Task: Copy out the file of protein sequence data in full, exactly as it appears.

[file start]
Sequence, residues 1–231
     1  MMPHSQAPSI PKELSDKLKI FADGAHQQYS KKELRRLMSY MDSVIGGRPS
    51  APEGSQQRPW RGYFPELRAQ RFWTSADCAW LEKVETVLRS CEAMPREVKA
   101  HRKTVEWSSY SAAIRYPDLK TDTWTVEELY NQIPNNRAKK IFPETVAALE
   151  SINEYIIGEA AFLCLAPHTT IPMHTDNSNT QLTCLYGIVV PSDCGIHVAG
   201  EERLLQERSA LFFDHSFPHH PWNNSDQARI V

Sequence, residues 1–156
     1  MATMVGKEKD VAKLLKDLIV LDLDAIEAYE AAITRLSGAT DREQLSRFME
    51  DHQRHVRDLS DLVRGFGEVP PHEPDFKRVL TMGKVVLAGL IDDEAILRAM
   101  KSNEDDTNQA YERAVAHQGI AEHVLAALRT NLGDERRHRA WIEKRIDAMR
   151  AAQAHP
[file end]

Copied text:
Sequence, residues 1–231
     1  MMPHSQAPSI PKELSDKLKI FADGAHQQYS KKELRRLMSY MDSVIGGRPS
    51  APEGSQQRPW RGYFPELRAQ RFWTSADCAW LEKVETVLRS CEAMPREVKA
   101  HRKTVEWSSY SAAIRYPDLK TDTWTVEELY NQIPNNRAKK IFPETVAALE
   151  SINEYIIGEA AFLCLAPHTT IPMHTDNSNT QLTCLYGIVV PSDCGIHVAG
   201  EERLLQERSA LFFDHSFPHH PWNNSDQARI V

Sequence, residues 1–156
     1  MATMVGKEKD VAKLLKDLIV LDLDAIEAYE AAITRLSGAT DREQLSRFME
    51  DHQRHVRDLS DLVRGFGEVP PHEPDFKRVL TMGKVVLAGL IDDEAILRAM
   101  KSNEDDTNQA YERAVAHQGI AEHVLAALRT NLGDERRHRA WIEKRIDAMR
   151  AAQAHP